# cal and electrical circuits

Discussion in 'Homework Help' started by pie, Jul 30, 2008.

1. ### pie Thread Starter New Member

Jul 30, 2008
3
0
Can someone help me understand a concept? I did the problem, but I don't understand something.

My book replaced the + with just -. When I graph them, they look different, but both have a limit of 5 as t approaches infinity. The red line, where I use + is wrong according to the book. I don't know why they change the + to just -, does anyone know? Can the equation ever have the + instead of -? If so, what would that mean? Would that be a spark? Would the direction of the flow change? What does the red graph mean compared to the green graph?

2. ### silvrstring Active Member

Mar 27, 2008
159
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I got 5-e^(-3t).

In your 7th line, you use +/-. The left hand side of the equation decides the value is absolute, so you don't need to do that. On the 9th line, you converted e^(-3t-3C) to e^(-3t)e^(3C); It should be e^(-3t)e^(-3C).

3. ### silvrstring Active Member

Mar 27, 2008
159
0
I think it (the green) means you initially had a 12V potential applied for about 95.9 msec. Then the 60V was applied. Ignore t<0. You might want to wait for a second opinion.

Last edited: Jul 30, 2008
4. ### Ron H AAC Fanatic!

Apr 14, 2005
7,050
657
According to your problem statement, you only need to find the limiting value of the current. If this is the case, then the differential equation is a red herring. The current at t=infinity is simply V/R, or 5 amps. Perhaps you have to prove this by evaluating the differential equation at t=infinity.

Last edited: Jul 31, 2008
5. ### pie Thread Starter New Member

Jul 30, 2008
3
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Oh I see that. Thank you. But I guess since I change that into a constant, it didn't matter in the end.

Yes I only need to find the limit. It's 5 as t approaches infinity. And I understand the green graph at at a practical matter. But in theory or in some strange chase, is the red graph ever possible? Even if you ignore all rules of physics, what would cause the red graph?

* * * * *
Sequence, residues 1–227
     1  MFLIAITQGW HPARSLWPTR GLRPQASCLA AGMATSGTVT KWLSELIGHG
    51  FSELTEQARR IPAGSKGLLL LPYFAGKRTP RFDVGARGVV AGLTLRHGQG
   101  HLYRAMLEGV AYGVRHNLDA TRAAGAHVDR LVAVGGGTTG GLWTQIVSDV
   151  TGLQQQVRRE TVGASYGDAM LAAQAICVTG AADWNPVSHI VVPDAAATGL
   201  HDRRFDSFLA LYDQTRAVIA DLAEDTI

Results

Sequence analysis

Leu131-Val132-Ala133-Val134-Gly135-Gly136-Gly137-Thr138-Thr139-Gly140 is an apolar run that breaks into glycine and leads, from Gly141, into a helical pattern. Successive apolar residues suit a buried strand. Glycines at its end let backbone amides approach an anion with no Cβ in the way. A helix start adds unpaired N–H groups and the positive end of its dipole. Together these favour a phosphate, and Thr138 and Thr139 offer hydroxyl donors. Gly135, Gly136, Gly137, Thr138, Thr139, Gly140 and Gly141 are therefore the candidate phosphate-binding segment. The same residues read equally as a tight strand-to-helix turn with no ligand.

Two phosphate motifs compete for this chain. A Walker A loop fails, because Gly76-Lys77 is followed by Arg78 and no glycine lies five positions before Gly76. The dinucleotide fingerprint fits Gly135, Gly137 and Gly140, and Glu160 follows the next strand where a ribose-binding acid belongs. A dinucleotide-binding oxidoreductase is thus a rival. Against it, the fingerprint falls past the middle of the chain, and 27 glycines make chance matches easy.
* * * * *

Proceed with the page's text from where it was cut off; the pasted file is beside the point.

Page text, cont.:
6. ### Ron H AAC Fanatic!

Apr 14, 2005
7,050
657
Where did you come up with the idea that absolute value was required in the evaluation of the integral? I don't claim to be a math wizard. I just looked it up, and the resources I have said nothing about absolute value - just like your book.

7. ### blazedaces Active Member

Jul 24, 2008
130
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Integral (1/x) = ln(abs(x))

Now, to answer the OP, as said somewhere else, you only need the limiting value of the current, that is when t -> Infinity so the +/- 0 doesn't really make a difference, it still = 5 (as you can see on the graph).

I don't know why the book chooses the positive though. I think they just didn't care at that point...

-blazed

8. ### pie Thread Starter New Member

Jul 30, 2008
3
0
Yes I know the final answer. But I'm trying to understand the concept behind this. If the constant, A, was another sign, that would change the sign the book used. So when I plot them, one comes from y1(0)=infinity and the other if y2(0)=0. And y2(0)=0 looks right. When the time is zero, how can you have any current? But would there ever be a case where at 0 time, you'll have a real high amount, like in the case of y1?

9. ### Ratch New Member

Mar 20, 2007
1,068
3
pie,

What is it that you don't understand. You have never explained what it is.

Your switching back and forth using T,t and I,i is confusing.

You don't have to worry about 15-3i being negative. At t=0, i is zero, so 15-3i is positive. The highest value i attains is 5, so 15-3i is never negative.

You don't have to sweat whether in ln u, u is positive or negative. Example: Integral of 1/x from -5 to -2 = ln |-2| - ln |-5| = ln 2 - ln 5 = -.91629 . The absolute value automatically takes care of the sign.

What concept? What are A and B supposed to be? The solution required two integrations, and the constants can be added together. ln(15-3i) = -3(t+c) . Since the initial conditions are t=0 and i=0, e^-3c = 15 . Back substituting gives 15-15e^-3t = 3i ===> 5-5e^-3t = i . Do any of your plots look like that equation? If there were a initial current, then the value of the constant c would be different and the equation would change.

Ratch

Last edited: Aug 7, 2008